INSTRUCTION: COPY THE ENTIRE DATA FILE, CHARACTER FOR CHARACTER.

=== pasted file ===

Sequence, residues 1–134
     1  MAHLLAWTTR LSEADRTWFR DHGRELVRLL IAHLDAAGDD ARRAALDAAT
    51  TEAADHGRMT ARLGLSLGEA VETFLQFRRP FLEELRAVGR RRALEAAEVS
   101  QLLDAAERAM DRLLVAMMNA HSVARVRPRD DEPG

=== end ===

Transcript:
Sequence, residues 1–134
     1  MAHLLAWTTR LSEADRTWFR DHGRELVRLL IAHLDAAGDD ARRAALDAAT
    51  TEAADHGRMT ARLGLSLGEA VETFLQFRRP FLEELRAVGR RRALEAAEVS
   101  QLLDAAERAM DRLLVAMMNA HSVARVRPRD DEPG